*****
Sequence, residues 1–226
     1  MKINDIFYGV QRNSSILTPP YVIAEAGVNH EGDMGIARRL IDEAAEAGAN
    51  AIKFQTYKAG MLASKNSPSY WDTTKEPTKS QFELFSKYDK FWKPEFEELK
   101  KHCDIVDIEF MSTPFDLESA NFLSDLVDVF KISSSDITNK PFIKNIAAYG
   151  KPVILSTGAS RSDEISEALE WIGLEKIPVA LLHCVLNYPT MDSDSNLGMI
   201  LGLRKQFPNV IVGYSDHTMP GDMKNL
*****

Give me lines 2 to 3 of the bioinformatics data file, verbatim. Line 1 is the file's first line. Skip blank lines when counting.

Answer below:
     1  MKINDIFYGV QRNSSILTPP YVIAEAGVNH EGDMGIARRL IDEAAEAGAN
    51  AIKFQTYKAG MLASKNSPSY WDTTKEPTKS QFELFSKYDK FWKPEFEELK